Susan Kistler on Unconferences and Open Space Technology

My name is Susan Kistler. I’m AEA’s Executive Director and I contribute each Saturday’s aea365 post. Last week, I attended an unconference on Data Visualization hosted by tech@state, a program of the U.S. Department of State’s Office of eDiplomacy. Both the format and the content proved to be transformative. First, let’s talk format – in a later week I’ll raise some key questions about data visualization that we explored during the unconference.

Lesson Learned – What’s an Unconference: An unconference is a form of open space technology that brings together people with a common interest and they, on the spot, set the agenda, become the speakers and contributors, and move from idea to action – both within the conference and more broadly around the issue at hand.

Lesson Learned – What does an Unconference look like: It can take different formats, but generally it involves:

Preconference: A carefully-crafted invitation that brings together people with a common passion.

During the Conference:

DURING THE FIRST HOUR or so

  • A (short!) opening statement about why we’re all together, and outline of the format
  • Quick introductions of everyone in the room (whether 100 or 1000)
  • An invitation to identify a topic of interest or burning question and write it on a piece of paper
  • Short explanations by each person regarding her or his topic and then the topic idea is placed on a large scheduling grid

DURING SESSIONS

  • Attendees look at the sessions proposed for a timeslot and go to the one of interest to them
  • Presentations during the timeslot can be formal but tend to be informal – usually with the convener framing an issue and asking the group ‘now what?’ and attendees discussing, suggesting, leveraging resources, generating ideas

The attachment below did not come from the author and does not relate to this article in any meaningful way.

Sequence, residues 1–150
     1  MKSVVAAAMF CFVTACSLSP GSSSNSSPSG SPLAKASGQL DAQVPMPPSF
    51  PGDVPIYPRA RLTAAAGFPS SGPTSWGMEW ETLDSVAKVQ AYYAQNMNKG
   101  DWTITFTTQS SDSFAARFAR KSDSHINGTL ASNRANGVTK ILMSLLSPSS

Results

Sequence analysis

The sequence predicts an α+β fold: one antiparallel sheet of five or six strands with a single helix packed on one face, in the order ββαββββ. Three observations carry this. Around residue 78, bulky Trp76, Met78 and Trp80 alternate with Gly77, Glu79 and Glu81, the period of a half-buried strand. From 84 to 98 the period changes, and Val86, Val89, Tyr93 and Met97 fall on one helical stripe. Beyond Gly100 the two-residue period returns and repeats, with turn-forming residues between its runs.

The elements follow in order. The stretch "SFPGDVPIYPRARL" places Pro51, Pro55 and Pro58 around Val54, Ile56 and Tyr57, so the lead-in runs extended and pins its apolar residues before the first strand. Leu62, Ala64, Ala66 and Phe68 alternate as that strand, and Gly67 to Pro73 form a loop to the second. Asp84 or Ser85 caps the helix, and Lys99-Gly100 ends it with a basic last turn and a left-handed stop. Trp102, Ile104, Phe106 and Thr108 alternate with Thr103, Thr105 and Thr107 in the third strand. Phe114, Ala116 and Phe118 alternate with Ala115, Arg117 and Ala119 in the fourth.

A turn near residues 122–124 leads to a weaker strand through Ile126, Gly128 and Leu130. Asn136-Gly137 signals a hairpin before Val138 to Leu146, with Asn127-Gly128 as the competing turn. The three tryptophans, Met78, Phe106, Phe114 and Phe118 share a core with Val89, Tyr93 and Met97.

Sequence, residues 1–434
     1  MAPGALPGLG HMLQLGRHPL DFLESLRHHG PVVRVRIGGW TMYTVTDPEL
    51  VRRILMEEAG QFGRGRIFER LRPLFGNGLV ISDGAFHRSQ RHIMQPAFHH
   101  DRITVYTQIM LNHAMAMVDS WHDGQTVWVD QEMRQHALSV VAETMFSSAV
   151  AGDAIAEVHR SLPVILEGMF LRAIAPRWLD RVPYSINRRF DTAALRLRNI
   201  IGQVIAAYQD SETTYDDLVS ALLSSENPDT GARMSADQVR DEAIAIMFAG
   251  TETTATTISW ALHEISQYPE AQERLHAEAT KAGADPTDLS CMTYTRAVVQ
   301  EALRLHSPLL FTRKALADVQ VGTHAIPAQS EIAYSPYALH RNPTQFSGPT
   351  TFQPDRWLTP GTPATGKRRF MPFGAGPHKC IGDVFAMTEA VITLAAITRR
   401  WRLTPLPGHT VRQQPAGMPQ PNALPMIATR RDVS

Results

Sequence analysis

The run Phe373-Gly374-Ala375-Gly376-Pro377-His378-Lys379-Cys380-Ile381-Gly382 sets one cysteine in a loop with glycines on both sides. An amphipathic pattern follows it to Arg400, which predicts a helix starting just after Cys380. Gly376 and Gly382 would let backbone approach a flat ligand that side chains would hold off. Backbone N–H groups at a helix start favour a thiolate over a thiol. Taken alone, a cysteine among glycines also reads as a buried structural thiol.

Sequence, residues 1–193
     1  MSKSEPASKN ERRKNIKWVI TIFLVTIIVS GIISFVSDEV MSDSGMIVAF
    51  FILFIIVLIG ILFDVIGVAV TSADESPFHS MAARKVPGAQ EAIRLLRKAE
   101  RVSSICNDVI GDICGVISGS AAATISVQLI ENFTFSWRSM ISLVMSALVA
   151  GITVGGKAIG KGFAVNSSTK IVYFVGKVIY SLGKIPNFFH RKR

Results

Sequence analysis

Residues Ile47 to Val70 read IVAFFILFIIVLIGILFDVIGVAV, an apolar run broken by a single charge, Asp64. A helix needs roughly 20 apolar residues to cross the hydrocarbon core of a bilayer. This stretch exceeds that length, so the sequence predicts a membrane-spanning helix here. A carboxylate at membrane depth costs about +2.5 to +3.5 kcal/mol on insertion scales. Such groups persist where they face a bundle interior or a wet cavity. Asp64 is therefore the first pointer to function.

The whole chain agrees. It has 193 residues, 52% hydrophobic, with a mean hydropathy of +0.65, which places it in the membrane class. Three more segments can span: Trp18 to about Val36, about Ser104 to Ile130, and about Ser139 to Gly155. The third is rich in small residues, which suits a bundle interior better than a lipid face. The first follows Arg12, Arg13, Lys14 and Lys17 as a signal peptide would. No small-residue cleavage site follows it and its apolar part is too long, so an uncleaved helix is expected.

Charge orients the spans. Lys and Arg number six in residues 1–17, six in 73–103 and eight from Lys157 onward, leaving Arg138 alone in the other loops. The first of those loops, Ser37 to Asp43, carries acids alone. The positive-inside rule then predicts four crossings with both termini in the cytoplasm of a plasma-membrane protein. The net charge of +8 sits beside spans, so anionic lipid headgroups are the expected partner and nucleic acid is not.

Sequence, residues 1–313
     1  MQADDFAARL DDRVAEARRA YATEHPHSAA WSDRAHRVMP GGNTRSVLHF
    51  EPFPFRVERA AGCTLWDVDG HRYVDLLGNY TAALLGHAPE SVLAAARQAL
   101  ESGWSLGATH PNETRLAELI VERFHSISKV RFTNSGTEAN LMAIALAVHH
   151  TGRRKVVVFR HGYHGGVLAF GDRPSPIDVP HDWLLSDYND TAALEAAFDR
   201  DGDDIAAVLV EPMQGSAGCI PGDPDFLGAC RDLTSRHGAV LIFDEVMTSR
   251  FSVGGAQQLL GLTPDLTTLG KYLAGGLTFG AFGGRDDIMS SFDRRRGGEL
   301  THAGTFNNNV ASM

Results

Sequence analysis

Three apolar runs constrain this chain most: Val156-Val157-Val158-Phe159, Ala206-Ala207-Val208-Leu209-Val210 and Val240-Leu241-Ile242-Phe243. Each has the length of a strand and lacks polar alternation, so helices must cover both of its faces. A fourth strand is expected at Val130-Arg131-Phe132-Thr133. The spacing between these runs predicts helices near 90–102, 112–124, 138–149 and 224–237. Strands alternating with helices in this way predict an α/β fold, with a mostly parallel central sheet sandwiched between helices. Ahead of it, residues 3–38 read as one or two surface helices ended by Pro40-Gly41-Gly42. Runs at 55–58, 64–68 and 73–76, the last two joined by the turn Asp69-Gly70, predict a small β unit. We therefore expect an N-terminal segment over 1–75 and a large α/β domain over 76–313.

AFTER SESSIONS

  • The group reconvenes to identify common learnings and next steps
  • Sometimes there will be time for large-group facilitation of priority setting among what emerged
  • Writeups document sessions, technology is leveraged to keep the discussion going and small groups moving forward around the issue

Lessons Learned – Why bother: Unconferences bring together people with a common interest to discuss, leverage resources, set priorities, and learn what they can accomplish together. As a meeting planner, they are not for the faint of heart. They rely on those involved being engaged, motivated, and willing to contribute. Usually, those who don’t fit these requirements self-select out before signing up to attend, but not always. Some people are likely to be unhappy, while others will be invigorated and find avenues towards solving problems of the day.

Hot Tip: Are you an open space or unconference maven? Or, just interested in trying out a new form of conference and a new way of doing things? Put a note in the comments or send me an email at susan@eval.org and let’s talk about what we might do together to try an unconference as part of AEA’s programs. Note (a) please don’t contact me about your professional services – we’re looking for engaged volunteers, and (b) never fear! this would not replace, but would rather supplement, our existing programs.

This above opinions are my own and do not necessarily represent those of AEA. Do you have questions, concerns, kudos, or content to extend this aea365 contribution? Please add them in the comments section for this post on the aea365 webpage so that we may enrich our community of practice.

3 thoughts on “Susan Kistler on Unconferences and Open Space Technology”

  1. Pingback: Matt Galen on Open Conferences: Increasing Access and Building Networks With Webcasting · AEA365

  2. Hi Susan, I’m the Executive Officer of the Australasian Evaluation Society and we have been looking at ways to increase the membership and sectors general participation but also involvement in ‘designing’ our conference program and we are interested in the unconference approach, I have a question about for broad based professional conferences like ‘ours’ what would be a good way to introduce the practice and what do you think are the risk factors?
    Look forward to hearing from you, Maria

  3. Pingback: Susan Sloan on Future Search for Establishing Common Ground for Action Planning - AEA365

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